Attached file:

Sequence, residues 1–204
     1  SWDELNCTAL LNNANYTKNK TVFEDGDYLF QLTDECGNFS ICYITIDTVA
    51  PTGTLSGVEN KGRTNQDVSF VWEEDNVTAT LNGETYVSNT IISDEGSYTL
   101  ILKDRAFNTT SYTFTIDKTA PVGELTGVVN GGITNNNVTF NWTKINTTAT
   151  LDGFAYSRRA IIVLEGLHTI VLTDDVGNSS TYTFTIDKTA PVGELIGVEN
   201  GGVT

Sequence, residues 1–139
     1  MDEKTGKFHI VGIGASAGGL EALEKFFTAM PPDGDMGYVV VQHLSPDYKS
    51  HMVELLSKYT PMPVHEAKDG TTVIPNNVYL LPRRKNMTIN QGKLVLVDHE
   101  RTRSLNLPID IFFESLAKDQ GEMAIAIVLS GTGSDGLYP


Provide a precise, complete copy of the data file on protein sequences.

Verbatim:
Sequence, residues 1–204
     1  SWDELNCTAL LNNANYTKNK TVFEDGDYLF QLTDECGNFS ICYITIDTVA
    51  PTGTLSGVEN KGRTNQDVSF VWEEDNVTAT LNGETYVSNT IISDEGSYTL
   101  ILKDRAFNTT SYTFTIDKTA PVGELTGVVN GGITNNNVTF NWTKINTTAT
   151  LDGFAYSRRA IIVLEGLHTI VLTDDVGNSS TYTFTIDKTA PVGELIGVEN
   201  GGVT

Sequence, residues 1–139
     1  MDEKTGKFHI VGIGASAGGL EALEKFFTAM PPDGDMGYVV VQHLSPDYKS
    51  HMVELLSKYT PMPVHEAKDG TTVIPNNVYL LPRRKNMTIN QGKLVLVDHE
   101  RTRSLNLPID IFFESLAKDQ GEMAIAIVLS GTGSDGLYP